Redd Volkaert



There are a handful of Telecaster masters, and Volkaert is one of them. Some say he’s country, and much of his essence is rooted in the genre, but he’s more complex than that. One gets the sense there’s a rocker deep inside, as he gives off the same aura as the late Danny Gatton; John Jorgensen during his Hellecaster days; Junior Brown on any of his albums; or more recently, the well-kept secret that is Johnny Hiland.

No wonder, considering his emigration path from Canada. Entering the States through Northern California, he gigged his way south through San Jose and Santa Cruz before arriving at his first musical melting pot, Los Angeles. After soaking up that scene, he continued toward his destination of Nashville, but not before a winter and summer in Texas. Six years or so later, Merle Haggard gave him a gig that lasted two to three years before Volkaert ended up where all guitar slingers who target Music City end up: his second musical melting pot, Austin, where he’s been comfortably settled for eight years.

These days he keeps busy playing the Continental Club with Heybale, and the Broken Spoke with the Lucky Tomblin Band. “Reddhead” is his fourth solo album and first on his own label, Telehog, which probably explains the disc’s “anything goes” feel.

There’s the Ventures-meets-Joe Maphis bent of “Reddline Fever.” The Southwestern twang of “Jackhammer Rock” (written by Lubbock musician, hobo hero and cowboy Eddie Beethoven). The country vs. rockabilly Al Anderson/Andy Paley rave-up “Goosebumps” (originally on Jerry Lee Lewis’ 1995 album, “Young Blood”). And that’s just the first three songs.

Other highlights include the bluesy “Call the Pound,” a swampy cover of the Box Tops’ “The Letter” and a redneck-jazz takeoff on Buddy Emmons’ “Raisin’ the Dickens,” one of two instrumentals in the Speedy West & Jimmy Bryant vein with Buzz Evans on pedal steel.

Western swing, honky-tonk and even Southern rock also are covered, and fellow Heybale member Gary Claxton harmonizes throughout.

1. Reddline Fever
2. Jackhammer Rock
3. Goosebumps
4. Is Anything Alright
5. Call The Pound
6. I Know How I’d Feel
7. The Letter
8. Raisin’ The Dickens
9. We Need To Talk
10. End Of The Line
11. Just Because I Don’t Care
12. Send It Back
13. Only Daddy That’ll Walk The Line
14. I’ll Break Out Again Tonight

Total time: 44:39

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Big Sandy and His Fly-Rite Boys

Turntable Matinee

Yep Roc

Sandy and the boys started out in the mid ’90s as a retro rockabilly outfit, but soon branched out to Western swing, country, folk and even a little jazz. Following a break in which bandleader and band recorded an album apart from each other, the group reunited for the 1999 EP, “Radio Favorites,” which boasted some refreshingly exotic numbers.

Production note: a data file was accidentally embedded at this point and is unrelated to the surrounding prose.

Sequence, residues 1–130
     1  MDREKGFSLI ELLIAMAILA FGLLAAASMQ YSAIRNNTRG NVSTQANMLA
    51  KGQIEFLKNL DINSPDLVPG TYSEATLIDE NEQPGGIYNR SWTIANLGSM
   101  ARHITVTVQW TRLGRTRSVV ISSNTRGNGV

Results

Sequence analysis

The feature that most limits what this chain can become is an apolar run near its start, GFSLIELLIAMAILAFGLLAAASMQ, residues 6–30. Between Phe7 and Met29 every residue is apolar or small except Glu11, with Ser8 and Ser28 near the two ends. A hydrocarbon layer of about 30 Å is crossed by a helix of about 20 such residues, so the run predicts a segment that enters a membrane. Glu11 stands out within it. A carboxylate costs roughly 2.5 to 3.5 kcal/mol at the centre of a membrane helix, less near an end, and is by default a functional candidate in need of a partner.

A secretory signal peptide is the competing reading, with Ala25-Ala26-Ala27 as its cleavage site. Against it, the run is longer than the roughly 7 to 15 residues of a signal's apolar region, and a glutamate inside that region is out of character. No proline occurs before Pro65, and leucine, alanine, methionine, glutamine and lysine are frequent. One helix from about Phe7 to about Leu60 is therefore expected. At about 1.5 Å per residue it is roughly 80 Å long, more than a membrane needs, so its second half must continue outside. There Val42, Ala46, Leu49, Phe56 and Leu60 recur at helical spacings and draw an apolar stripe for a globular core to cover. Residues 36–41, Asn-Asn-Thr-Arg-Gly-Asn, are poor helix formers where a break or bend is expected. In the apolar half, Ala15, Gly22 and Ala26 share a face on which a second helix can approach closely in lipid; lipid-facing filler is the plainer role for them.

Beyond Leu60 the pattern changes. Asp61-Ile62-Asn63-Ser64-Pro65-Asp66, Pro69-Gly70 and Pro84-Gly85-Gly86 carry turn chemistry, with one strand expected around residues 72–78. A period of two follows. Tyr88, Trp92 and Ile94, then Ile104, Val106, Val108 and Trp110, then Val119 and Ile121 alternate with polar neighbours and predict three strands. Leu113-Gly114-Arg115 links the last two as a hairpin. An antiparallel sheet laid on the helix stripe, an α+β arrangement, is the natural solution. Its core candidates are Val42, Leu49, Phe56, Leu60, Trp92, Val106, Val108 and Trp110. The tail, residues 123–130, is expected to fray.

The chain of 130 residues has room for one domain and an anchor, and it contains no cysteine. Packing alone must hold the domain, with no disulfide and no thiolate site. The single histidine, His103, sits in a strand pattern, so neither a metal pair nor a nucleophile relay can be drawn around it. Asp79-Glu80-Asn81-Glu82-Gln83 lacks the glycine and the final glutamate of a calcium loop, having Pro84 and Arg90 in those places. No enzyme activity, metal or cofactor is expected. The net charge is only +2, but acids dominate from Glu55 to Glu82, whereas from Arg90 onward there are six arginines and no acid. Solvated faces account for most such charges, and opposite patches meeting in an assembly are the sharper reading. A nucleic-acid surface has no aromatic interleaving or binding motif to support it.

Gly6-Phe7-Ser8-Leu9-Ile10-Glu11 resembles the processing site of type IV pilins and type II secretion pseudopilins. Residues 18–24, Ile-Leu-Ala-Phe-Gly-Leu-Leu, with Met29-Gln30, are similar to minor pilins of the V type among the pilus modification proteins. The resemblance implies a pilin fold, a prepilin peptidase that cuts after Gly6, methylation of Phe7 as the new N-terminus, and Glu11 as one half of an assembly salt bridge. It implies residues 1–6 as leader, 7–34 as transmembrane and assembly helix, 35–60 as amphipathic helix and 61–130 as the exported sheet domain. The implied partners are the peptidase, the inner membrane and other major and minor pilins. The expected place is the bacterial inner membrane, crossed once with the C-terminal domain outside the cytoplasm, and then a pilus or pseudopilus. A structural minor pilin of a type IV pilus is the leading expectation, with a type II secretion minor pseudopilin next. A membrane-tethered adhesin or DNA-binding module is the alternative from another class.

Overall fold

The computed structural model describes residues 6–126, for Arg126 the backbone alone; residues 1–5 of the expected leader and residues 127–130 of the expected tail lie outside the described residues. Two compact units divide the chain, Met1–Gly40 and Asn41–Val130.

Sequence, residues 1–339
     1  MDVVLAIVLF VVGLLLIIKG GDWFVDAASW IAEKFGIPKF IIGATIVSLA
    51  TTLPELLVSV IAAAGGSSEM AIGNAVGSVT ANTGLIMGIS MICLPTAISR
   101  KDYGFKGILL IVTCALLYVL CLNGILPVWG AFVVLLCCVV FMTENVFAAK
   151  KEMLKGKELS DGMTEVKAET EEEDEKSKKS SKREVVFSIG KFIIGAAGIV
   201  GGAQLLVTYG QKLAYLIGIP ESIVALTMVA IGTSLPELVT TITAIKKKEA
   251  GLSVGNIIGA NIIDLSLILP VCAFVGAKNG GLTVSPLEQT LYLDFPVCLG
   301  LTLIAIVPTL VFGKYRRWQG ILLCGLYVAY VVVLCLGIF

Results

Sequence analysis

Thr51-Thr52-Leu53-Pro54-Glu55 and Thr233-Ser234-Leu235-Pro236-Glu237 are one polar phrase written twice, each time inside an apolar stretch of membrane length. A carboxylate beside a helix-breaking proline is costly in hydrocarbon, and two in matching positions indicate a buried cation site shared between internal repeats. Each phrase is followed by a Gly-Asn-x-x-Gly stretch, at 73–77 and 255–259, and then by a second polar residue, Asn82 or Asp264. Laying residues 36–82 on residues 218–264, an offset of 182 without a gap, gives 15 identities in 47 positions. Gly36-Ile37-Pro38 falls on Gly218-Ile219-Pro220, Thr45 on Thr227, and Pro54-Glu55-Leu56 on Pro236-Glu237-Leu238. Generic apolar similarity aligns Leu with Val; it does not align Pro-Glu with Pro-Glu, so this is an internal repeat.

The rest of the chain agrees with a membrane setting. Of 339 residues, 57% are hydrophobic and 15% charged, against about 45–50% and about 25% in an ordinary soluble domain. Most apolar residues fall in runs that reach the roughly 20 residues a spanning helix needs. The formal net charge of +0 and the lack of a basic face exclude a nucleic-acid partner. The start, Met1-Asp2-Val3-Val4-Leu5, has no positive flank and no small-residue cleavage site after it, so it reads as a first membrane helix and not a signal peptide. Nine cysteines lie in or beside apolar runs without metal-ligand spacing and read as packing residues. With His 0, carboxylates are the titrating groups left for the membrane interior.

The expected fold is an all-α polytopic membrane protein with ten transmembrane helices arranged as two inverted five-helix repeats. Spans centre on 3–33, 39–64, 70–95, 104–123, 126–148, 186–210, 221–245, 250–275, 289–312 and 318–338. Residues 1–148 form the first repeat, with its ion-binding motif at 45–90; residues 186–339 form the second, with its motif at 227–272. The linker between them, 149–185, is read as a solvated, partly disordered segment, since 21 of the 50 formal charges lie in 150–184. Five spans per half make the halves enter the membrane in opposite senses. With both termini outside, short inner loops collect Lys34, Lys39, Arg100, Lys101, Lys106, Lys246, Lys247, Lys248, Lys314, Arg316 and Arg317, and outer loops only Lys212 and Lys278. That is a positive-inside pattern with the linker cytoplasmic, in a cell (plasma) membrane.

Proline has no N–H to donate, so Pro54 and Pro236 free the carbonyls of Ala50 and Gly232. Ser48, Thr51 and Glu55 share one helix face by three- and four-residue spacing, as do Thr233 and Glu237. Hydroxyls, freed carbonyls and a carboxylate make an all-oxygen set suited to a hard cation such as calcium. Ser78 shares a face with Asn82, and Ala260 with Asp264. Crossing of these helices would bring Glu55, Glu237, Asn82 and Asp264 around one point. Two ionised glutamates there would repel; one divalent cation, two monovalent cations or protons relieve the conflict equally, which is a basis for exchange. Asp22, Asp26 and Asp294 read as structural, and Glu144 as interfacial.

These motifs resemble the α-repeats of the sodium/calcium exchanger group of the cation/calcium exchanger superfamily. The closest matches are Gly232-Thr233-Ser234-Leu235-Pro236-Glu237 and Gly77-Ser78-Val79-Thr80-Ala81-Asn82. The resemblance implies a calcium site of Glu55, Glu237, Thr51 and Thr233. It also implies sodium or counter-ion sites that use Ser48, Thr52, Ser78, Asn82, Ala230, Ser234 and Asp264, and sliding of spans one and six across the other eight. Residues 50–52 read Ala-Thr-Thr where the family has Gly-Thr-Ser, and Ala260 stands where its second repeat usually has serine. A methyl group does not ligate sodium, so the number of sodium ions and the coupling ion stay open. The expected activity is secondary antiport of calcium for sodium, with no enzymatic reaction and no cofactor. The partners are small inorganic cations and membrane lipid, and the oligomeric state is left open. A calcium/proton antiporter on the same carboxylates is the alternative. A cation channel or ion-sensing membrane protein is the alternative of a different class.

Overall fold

Two studio albums and a compilation later, they’ve arrived at “Turntable Matinee,” which really is like sitting down with a portable record player and dropping that needle in the groove.

But there are a few twists, notably the four-song block comprising “The Great State of Misery,” coming across as a hybrid “Wasn’t Born to Follow” and “Last Train to Clarksdale”; “Haunted Heels,” with its “Sleepwalk”-like pedal steel riff; the country pickin’ meets spaghetti Western meets Gene Krupa “Ruby Jane”; and the bossa nova-style “Spanish Dagger.”

Other random (and that’s what this album’s all about — eclecticism) surprises include “Slippin’ Away,” an ode to Memphis soul; and a dobro-infused contribution from bassist Jeff West, “Lonesome Dollar.”

1. Power Of The 45
2. Love That Man
3. The Great State Of Misery
4. Haunted Heels
5. Ruby Jane
6. Spanish Dagger
7. Mad
8. The Ones You Say You Love
9. You Don’t Know Me At All
10. Yes (I Feel Sorry For You)
11. Lonesome Dollar
12. Slippin’ Away
13. I Know I’ve Loved You Before
14. Power Of The 45, Pt. 2
15. Spanish Dagger (hidden instrumental track)

Total time: 46:08

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Dan Hicks and the Hot Licks

Selected Shorts


That’s Dan Hicks and the Hot Licks, not to be confused with Dan Hicks and His Hot Licks. They are two different groups — the latter having finished its four-album career in 1973, and the former releasing its debut in 2000.

“Shorts,” the studio follow-up to the turn-of-the-century “Beatin’ the Heat,” finds Dan the Man up to his old tricks but with some new dogs. Old tricks in the sense that he’s dusted off songs he’s either written, started to write, thought about writing or covered over the years but never got around to recording, with the result being a continuation of the His Hot Licks sound and probably his best album since that era. New dogs in the sense that the new-millennium Hot Licks are an ever-changing band, this time featuring Tony Garnier (Bob Dylan) on bass, Jim Keltner on drums, original member Sid Page on violin and up-and-coming guitarist Gonzalo Bergara.

Manhattan Transfer’s Tim Hauser helps out with production, and guests include Willie Nelson, Jimmy Buffett, Van Dyke ParksGibby Haynes and Jack Sheldon. Ray Benson and Gary Hoey do some spot production, and Hoey also plays guitar a little and does some engineering.

1. Mama’s Boy Blues
2. That’s Where I Am
3. Hey Bartender
4. Willie
5. One More Cowboy
6. Barstool Boogie
7. C’Mon-A-My House
8. First I Lost My Marbles
9. That Ain’t Right
10. Cue The Violins
11. I’ll See You In My Dreams
12. Texas Kinda Attitude
13. That’s The Smoke They’re Blowin’
14. That Ain’t Right (Gibby Phones It In mix)

Total time: 52.2 minutes

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